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Re: [Synoptic-L] Fatigue in Leper Story

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  • Stephen C. Carlson
    ... Although Goodacre did characterize the meeting between the leper and Jesus as private , I have preferred to focus on the fact that privacy aspect is not
    Message 1 of 9 , Apr 10 2:35 PM
      At 10:45 AM 4/10/01 +0100, Peter M. Head wrote:
      >Stephen wrote:
      >>Although Mark does not expressly state that the leper met
      >>privately, that is a reasonable inference from the text,
      >>because the text includes an injunction to secrecy and
      >>does not contradict a private setting.
      >
      >Is there any particular reason to assume that Mark's secrecy commands
      >presume a private setting? It would be suprising to a reader who has just
      >come past 1.24f and 1.34 (cf. also 3.10-12; 5.43 [cf. 7.36 private only at
      >one level]).

      Although Goodacre did characterize the meeting between the
      leper and Jesus as "private", I have preferred to focus on
      the fact that privacy aspect is not explicit in Mark 1:40-45.
      Thus, the subsequent injunction to secrecy in Mark does not
      pose the same difficulties as in Matthew, whose setting differs
      from Mark's, because Mark's setting is capable of being
      understood as a private meeting but Matthew's cannot be.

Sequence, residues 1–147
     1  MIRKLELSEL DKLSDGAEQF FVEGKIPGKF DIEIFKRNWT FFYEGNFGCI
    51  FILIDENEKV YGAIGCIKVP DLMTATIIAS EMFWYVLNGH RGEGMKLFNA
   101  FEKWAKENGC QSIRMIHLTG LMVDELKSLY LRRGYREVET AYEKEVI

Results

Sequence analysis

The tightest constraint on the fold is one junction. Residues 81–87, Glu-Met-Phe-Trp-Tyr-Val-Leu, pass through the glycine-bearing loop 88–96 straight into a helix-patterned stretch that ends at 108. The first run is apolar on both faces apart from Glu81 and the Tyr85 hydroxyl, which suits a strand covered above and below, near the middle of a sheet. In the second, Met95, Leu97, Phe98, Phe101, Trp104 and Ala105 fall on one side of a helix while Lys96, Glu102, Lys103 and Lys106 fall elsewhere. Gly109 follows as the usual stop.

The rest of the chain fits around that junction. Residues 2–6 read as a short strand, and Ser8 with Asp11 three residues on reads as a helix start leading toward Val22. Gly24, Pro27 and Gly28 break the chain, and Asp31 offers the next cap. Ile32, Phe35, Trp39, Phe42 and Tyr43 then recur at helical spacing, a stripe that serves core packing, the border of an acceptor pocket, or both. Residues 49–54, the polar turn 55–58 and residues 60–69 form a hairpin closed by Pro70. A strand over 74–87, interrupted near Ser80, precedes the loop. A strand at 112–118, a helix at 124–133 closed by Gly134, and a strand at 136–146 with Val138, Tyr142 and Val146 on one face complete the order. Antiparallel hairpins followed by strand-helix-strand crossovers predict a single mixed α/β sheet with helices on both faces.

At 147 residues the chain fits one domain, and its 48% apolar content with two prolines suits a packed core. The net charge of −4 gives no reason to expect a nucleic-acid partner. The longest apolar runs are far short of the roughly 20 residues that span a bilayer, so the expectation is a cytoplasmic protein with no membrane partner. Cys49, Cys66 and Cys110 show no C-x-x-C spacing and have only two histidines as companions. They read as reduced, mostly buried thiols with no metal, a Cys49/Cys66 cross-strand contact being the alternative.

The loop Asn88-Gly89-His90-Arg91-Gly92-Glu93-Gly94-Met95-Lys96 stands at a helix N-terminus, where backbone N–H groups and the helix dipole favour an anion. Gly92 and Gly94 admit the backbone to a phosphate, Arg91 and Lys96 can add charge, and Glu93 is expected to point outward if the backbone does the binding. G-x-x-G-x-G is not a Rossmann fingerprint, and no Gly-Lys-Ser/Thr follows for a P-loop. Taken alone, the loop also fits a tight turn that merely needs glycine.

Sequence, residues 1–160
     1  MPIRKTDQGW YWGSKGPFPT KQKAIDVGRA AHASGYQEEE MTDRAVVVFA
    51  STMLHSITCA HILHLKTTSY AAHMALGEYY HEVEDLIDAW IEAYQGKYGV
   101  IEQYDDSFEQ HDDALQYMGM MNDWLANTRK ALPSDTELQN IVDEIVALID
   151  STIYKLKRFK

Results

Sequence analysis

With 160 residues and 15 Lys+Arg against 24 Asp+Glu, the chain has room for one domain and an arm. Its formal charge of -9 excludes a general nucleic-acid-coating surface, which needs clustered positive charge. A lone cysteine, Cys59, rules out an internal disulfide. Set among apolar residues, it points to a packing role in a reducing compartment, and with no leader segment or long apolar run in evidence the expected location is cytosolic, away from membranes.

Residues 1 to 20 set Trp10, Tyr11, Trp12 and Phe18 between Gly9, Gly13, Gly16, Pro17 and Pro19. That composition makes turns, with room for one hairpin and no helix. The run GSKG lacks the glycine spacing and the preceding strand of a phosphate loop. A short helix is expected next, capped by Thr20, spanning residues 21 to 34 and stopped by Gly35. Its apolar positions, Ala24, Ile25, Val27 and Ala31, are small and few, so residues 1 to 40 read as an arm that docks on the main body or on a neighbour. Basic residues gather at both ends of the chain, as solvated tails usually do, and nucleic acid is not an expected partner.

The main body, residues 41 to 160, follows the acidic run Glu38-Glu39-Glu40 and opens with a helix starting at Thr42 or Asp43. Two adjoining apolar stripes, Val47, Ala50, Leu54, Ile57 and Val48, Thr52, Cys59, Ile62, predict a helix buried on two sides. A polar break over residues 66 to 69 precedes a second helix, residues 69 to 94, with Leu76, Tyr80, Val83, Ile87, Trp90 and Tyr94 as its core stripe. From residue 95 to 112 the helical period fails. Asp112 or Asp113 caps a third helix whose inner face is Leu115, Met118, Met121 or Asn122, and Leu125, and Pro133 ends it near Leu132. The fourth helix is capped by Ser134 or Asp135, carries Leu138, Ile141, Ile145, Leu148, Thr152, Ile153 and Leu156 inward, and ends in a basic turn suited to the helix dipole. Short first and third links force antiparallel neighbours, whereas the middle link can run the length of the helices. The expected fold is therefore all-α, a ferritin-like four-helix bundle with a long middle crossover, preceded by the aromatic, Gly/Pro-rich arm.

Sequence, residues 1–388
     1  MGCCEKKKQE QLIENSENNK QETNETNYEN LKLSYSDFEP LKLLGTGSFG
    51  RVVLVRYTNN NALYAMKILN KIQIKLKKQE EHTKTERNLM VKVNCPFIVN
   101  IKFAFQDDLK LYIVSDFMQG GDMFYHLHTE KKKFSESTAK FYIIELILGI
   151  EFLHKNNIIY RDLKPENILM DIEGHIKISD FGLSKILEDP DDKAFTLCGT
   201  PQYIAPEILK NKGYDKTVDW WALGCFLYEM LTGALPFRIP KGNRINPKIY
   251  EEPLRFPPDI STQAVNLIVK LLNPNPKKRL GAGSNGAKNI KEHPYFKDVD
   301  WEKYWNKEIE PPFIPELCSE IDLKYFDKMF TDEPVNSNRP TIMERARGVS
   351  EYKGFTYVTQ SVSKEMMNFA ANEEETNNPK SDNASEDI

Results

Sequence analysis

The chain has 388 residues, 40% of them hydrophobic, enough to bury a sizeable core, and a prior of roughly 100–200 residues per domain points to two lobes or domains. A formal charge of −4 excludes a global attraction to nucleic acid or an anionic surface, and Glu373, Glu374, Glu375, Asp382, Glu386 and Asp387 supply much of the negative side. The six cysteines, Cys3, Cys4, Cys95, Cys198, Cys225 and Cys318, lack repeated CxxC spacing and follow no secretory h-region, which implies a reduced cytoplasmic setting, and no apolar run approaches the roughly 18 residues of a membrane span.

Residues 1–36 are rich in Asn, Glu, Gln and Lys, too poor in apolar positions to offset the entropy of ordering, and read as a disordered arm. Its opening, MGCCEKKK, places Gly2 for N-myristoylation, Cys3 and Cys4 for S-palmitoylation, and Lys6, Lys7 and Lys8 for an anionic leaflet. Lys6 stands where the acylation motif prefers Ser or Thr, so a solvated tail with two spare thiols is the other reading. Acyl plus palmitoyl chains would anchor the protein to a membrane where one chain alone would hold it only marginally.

As for your examples, I view Mark 1:24, 34, and 3:12 not so
      much as a secrecy injunction but as a demonstration of Jesus's
      control over demons, i.e. Jesus can muzzle demons. I may be
      wrong, but doesn't Mark 5:40 indicate that the injunction in
      v43 is in a private setting? Mark 7:36 is an injunction to
      the crowd (an extra element in the text that expressly negates
      a private setting), whereas Mark 1:40-45 has no such element and
      the injunction of v43 is to the leper, not any crowd.

      >If not then does Mark G's argument break down at this point?

      I'm not sure. Personally, I feel that my reformulation of
      the argument is an improvement. So this example still works
      as a case of fatigue.

      Stephen Carlson
      --
      Stephen C. Carlson mailto:scarlson@...
      Synoptic Problem Home Page http://www.mindspring.com/~scarlson/synopt/
      "Poetry speaks of aspirations, and songs chant the words." Shujing 2.35

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